Speculative Vacancies in Melbourne: 2013 Report
This Speculative Vacancies report has sought to measure the number of residential and commercial properties in Melbourne that are vacant and held out of use. Residential rents surged between 2007 and 2010, imposing financial stress on many tenants. Increasing the stock of properties occupied would moderate rents and/or reduce selling prices. Speculative vacancies may not be reflected in reported vacancy rates.
Water consumption data supplied by Melbourne’s retailers, City West Water, South East Water and Yarra Valley Water, are used as a proxy to determine vacancies. A conservative cut-off point of 50 litres per day (LpD) per property, averaged over the calendar year of 2012, was chosen as an indicator of vacancy. Residential per capita consumption averaged 161LpD in 2012/13, with average household consumption estimated at approximately 419LpD.
Analysis of 1,469,514 residential properties indicates 64,465 properties (4.4%) were potentially unused over the study period, having consumed less than 50LpD, and 12,691 residential properties (0.9%) did not consume any water and were demonstrably unoccupied. A substantial proportion of commercial properties were also likely vacant, as 28,391 (22.7%) out of 125,162 consumed less than 50LpD, and 5,560 (4.4%) consumed no water. If residential properties consuming no water were placed onto the market for rent, it would double the number of homes available and increase the vacancy rate to around 6 per cent.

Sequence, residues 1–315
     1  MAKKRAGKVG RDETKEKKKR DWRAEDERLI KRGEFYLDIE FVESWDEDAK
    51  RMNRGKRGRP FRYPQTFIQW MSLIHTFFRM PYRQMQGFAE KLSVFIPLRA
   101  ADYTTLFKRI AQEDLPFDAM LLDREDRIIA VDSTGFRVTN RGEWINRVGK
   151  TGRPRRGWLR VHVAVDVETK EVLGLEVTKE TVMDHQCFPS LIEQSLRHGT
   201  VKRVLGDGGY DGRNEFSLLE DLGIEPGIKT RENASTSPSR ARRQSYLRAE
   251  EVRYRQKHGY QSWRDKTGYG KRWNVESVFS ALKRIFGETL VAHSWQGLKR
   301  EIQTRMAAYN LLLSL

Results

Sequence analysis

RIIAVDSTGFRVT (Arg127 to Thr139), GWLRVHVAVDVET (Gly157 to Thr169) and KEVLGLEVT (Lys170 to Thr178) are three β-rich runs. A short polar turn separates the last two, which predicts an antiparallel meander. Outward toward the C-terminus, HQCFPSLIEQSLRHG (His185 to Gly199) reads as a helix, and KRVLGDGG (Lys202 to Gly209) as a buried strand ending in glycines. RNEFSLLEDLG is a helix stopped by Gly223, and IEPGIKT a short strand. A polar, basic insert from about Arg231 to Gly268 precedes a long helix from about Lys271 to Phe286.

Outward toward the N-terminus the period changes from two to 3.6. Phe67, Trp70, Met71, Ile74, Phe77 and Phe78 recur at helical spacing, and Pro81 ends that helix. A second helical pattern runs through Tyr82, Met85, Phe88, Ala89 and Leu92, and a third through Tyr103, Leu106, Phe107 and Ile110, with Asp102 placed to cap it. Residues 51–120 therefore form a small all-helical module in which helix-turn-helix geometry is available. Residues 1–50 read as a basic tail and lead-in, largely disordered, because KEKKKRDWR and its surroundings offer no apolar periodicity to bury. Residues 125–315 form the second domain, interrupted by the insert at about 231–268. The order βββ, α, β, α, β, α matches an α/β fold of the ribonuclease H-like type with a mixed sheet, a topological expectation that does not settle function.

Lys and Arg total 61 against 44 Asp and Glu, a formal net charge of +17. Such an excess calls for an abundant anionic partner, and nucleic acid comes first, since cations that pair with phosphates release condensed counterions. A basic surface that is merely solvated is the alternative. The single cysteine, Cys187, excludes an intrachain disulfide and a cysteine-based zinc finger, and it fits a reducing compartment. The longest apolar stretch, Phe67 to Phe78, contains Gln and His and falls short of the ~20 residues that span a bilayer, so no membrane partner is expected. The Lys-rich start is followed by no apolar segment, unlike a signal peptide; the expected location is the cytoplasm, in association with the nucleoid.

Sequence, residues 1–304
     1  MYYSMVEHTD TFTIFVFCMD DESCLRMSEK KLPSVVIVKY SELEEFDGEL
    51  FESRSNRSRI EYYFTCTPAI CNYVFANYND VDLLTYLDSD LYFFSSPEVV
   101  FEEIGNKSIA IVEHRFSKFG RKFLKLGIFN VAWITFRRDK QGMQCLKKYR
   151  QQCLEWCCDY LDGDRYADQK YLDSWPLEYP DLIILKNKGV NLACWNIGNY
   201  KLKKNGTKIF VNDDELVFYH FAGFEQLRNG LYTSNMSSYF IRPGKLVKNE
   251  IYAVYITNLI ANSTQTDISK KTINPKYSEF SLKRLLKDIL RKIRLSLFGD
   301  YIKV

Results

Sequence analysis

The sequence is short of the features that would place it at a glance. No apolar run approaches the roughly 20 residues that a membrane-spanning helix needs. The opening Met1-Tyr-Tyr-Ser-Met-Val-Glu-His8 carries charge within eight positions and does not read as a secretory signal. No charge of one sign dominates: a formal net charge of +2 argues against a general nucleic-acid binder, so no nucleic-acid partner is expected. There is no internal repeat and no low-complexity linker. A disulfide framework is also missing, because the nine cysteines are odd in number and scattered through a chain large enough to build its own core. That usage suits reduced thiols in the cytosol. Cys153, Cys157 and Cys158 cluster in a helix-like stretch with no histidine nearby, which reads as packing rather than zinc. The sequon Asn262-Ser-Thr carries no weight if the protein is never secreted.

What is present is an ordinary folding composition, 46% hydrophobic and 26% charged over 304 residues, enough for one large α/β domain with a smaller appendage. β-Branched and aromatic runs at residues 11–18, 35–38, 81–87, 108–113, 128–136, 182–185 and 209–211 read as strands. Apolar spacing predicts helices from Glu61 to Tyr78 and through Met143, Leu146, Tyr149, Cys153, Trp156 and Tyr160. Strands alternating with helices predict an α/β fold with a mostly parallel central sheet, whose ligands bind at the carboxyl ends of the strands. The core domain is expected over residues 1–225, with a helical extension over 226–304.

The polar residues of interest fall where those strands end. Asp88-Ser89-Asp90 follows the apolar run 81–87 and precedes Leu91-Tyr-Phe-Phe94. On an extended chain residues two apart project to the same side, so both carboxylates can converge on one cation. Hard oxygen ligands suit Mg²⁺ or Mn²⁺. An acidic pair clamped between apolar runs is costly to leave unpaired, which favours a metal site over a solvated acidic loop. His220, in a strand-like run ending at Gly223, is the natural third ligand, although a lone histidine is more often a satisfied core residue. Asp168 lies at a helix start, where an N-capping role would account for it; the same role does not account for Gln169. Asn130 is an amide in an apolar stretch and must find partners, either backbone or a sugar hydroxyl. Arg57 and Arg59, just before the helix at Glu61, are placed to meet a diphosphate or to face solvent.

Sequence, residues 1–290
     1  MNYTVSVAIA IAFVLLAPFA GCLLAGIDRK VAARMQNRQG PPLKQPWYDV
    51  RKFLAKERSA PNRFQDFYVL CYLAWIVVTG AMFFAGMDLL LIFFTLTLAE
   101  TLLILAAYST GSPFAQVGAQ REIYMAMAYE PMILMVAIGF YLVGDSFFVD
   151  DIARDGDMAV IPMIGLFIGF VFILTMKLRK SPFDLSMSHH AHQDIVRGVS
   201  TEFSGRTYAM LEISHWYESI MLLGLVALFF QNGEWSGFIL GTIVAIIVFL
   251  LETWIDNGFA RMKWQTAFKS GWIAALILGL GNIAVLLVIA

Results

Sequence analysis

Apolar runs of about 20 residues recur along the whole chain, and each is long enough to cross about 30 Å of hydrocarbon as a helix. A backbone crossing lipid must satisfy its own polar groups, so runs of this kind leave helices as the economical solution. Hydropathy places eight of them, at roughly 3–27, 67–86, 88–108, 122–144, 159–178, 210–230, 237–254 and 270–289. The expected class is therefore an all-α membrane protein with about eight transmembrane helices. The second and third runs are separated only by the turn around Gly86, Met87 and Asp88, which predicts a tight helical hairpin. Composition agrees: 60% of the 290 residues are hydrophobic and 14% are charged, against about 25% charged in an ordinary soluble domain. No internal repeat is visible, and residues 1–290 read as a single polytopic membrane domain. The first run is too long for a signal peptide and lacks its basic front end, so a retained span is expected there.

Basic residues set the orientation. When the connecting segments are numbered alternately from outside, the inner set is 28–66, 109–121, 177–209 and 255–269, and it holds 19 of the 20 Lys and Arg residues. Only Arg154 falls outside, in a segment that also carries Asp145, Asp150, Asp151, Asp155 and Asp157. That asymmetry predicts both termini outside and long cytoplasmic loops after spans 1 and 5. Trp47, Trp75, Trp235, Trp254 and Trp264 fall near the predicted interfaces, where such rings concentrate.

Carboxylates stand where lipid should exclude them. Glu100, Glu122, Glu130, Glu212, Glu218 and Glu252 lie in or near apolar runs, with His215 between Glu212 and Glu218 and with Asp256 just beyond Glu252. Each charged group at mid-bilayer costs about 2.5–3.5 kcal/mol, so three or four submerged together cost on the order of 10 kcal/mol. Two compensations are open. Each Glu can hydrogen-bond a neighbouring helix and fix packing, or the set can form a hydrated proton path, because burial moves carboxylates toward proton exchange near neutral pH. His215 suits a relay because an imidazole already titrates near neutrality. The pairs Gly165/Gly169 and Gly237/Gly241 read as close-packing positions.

One way to explain why these properties remain vacant is the escalation in land values as housing prices in Melbourne rose by 146%, adjusted for inflation and quality, between 1996 and 2013. Landlords have an incentive to withhold properties from the rental market as they profit from rising capital values rather than from long-term rental income. A substantial land value tax would blunt capital appreciation and serve as a withholding cost, shifting the incentive to profit from rental income rather than capital gain. Policymakers could benefit by examining why many residential and commercial properties are kept vacant, especially during a period of prolonged rental price increases and financial stress.